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Amazon's Top SF&F Novels of 2010

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message 1: by Sean (new)

Sean O'Hara (seanohara) | 2365 comments It's November, which means its time for stores to start downsizing their Christmas displays to make room for Easter junk, and for people to start publishing their Top 10 of '10 lists. Here's Amazon's:

1.The Golden Age by Michal Ajvaz (Dalkey Archive Press)
2.How to Live Safely in a Science Fictional Universe by Charles Yu (Atlantic Books) [SF Signal's review]
3.Redemption in Indigo by Karen Lord (Small Beer Press)
4.The Half-Made World by Felix Gilman (Tor Books)
5.The Hundred Thousand Kingdoms by N.K. Jemisin (Orbit) [SF Signal's review]
6.The Orange Eats Creeps by Grace Krilanovich (Two Dollar Radio)
7.The Dream of Perpetual Motion by Dexter Palmer (Picador) [SF Signal's review]
8.Who Fears Death by Nnedi Okorafor (DAW)
9.The Fixed Stars: Thirty-Seven Emblems for the Perilous Season by Brian Conn (Fiction Collective 2)
10.Kill the Dead by Richard Kadrey (Eos)

Jeff VanderMeer, who compiled the list for Amazon, has his thoughts behind it here and here. There was also a thread on io9 where people complained about how they've never heard of any of these books.


message 2: by Tashfeen (new)

Tashfeen (tbhimdi) | 28 comments Lets see, I recognize one author and zero books, but then again, that isn't really surprising to me.


message 3: by dudeslife (new)

dudeslife | 9 comments The world seems to have lost sight of what a good Fantasy is..


message 4: by Dan (new)

Dan (daniel-san) | 101 comments Most of these seem like interesting and fun reads, and I'm glad it's not just another rehash of what the mainstream crowds have been reading. The one at the top, The Golden Age, sounds like one I could get into. I like weird, but thought-provoking stories, and this one sounds like it has plenty of both to go around.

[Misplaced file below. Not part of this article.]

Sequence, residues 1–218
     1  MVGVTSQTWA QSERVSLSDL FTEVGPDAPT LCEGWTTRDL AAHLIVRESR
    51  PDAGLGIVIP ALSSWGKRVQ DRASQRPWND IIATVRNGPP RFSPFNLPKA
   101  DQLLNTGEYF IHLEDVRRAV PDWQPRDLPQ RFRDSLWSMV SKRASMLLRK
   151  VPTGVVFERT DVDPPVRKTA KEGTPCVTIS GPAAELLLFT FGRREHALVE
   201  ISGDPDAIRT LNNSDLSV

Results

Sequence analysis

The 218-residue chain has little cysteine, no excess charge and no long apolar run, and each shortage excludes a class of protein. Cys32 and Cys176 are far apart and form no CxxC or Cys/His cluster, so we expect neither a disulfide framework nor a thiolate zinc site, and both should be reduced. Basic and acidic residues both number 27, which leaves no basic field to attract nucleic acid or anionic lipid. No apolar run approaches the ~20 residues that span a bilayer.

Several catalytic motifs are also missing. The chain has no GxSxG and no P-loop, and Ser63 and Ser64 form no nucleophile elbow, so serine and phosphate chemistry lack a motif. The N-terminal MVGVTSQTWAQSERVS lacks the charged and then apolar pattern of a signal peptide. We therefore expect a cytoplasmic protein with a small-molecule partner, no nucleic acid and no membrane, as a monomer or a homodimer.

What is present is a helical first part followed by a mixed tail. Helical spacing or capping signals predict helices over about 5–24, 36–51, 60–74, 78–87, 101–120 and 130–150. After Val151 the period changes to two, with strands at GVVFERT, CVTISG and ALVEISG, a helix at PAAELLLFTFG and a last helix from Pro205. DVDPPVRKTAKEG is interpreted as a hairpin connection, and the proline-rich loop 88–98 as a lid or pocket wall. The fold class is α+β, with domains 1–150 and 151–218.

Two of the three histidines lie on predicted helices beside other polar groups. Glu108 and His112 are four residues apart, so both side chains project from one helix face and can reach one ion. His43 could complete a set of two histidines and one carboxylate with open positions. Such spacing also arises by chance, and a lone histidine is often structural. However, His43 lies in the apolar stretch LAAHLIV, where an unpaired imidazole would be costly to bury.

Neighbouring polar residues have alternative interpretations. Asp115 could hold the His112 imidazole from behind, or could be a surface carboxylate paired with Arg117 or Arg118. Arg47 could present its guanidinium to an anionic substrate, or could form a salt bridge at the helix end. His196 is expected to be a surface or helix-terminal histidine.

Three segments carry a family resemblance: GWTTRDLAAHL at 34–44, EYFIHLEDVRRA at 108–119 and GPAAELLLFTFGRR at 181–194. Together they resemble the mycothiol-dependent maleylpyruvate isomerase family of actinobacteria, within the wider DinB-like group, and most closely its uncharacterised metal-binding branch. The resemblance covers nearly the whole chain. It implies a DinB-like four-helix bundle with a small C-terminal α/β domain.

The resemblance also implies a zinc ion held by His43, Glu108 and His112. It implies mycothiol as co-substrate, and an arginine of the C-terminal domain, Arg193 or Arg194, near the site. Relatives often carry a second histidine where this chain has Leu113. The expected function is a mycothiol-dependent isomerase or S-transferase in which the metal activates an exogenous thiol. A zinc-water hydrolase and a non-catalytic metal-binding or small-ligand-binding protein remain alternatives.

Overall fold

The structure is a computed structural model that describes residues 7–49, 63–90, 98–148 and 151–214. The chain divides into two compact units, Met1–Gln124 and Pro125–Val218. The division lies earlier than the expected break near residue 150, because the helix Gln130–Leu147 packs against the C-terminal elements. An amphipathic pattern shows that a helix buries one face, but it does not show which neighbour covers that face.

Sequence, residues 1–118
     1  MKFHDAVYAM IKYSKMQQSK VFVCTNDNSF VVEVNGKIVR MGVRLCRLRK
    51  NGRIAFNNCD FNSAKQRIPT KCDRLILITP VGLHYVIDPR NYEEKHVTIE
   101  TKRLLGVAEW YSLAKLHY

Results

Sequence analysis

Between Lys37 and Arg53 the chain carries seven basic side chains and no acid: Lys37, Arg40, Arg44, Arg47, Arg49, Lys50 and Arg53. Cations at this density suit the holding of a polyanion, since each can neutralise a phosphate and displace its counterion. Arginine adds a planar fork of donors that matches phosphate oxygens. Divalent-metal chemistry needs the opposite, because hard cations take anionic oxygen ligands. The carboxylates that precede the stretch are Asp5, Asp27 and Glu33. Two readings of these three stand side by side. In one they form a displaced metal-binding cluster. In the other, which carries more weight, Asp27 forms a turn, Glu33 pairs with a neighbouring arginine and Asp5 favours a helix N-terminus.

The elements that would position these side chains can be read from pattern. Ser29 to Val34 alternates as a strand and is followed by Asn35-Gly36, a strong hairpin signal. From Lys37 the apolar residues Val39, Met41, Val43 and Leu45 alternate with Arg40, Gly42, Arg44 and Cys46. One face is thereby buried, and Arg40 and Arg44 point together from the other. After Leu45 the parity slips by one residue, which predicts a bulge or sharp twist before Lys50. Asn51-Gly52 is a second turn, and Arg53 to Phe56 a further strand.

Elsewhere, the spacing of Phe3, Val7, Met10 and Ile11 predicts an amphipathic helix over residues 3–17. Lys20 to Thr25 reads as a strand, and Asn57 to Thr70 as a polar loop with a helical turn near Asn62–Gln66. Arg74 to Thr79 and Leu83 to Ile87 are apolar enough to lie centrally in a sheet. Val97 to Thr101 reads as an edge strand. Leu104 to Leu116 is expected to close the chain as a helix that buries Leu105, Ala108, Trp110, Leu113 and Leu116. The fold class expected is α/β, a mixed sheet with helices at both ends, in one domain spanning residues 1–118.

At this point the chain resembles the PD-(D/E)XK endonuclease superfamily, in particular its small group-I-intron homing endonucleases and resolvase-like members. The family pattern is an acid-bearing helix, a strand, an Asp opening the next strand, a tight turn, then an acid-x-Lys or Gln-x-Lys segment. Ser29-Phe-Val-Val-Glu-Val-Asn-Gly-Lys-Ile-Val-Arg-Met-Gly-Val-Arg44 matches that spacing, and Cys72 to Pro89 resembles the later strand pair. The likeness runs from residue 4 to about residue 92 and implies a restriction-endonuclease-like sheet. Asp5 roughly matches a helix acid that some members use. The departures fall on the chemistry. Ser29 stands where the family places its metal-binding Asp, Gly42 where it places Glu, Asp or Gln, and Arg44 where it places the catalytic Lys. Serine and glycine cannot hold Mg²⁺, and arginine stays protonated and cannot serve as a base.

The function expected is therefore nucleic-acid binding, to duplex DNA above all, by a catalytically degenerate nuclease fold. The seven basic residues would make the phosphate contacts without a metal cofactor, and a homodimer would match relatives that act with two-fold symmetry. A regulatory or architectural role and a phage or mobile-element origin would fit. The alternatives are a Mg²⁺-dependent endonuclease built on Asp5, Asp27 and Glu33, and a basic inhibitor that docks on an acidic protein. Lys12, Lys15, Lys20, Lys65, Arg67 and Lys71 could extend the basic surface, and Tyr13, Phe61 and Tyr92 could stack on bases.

I'd like to hear what other S&L readers think about the books in this list.


message 5: by [deleted user] (new)

Wow, that's an obscure list. Half of them aren't even in my regional library systems. Many aren't widely read here on GR either, so it's difficult to get any feel for why they were selected.


message 6: by Janny (new)

Janny (jannywurts) | 44 comments Sean wrote: "It's November, which means its time for stores to start downsizing their Christmas displays to make room for Easter junk, and for people to start publishing their Top 10 of '10 lists. Here's Amazon..."

Is this list a joke?
Very disappointing choices, in some ways - IMHO.


message 7: by Sean (new)

Sean O'Hara (seanohara) | 2365 comments VanderMeer, who compiled the list for Amazon, has a followup on his blog comparing his selections to the ones on Amazon.co.uk, which are pretty much a best-seller list. He also addresses critics like those in this thread:

"When I see a book title or author I don’t recognize on a year’s best list, my immediate reaction isn’t usually “WTF”, but instead, 'Excellent! A chance to find some new, shiny thing that I might love.'"


message 8: by Al (new)

Al | 159 comments Sean wrote: 'He also addresses critics like those in this thread: "When I see a book title or author I don’t recognize on a year’s best list, my immediate reaction isn’t usually “WTF”, but instead, 'Excellent! A chance to find some new, shiny thing that I might love.'"

Clearly VanderMeer was trying to bring the new and noteworthy to our attention. Commendable. Unfortunately, I find it hard to believe that all ten of these books are better than, say, the latest Wm Gibson or Banks or other more recognized authors. Since I usually try and figure out whether I'd like the unknowns on top 10 lists by comparing them to a few knowns his approach backfired.


message 9: by Stan (last edited Nov 10, 2010 02:33PM) (new)

Stan Slaughter | 359 comments New and noteworthy does not automatically imply Top SF&F Novel.

It just means "New and noteworthy"

P.S.

Just did a Google. #1 in the list was written in 2001, not 2010. It was just translated to English this year.

Also got a chuckle when one reviewer said

"..This book is a kind of travelogue of an island in the Atlantic peopled by islanders who conform to no known form of Eastern or Western civilizations. They seem to sit around all day and do nothing, except stare at different shapes and/or colors. They draw no distinction between reality (as we define it) and its representation, so that a mirror image of an object is as substantial as the object itself. Their religion consists of conferring visually and mentally with a variety of stains that are on the walls of their houses and official building..."

It sounds like the author is describing your average World of WarCraft/MMPOG gamer :)


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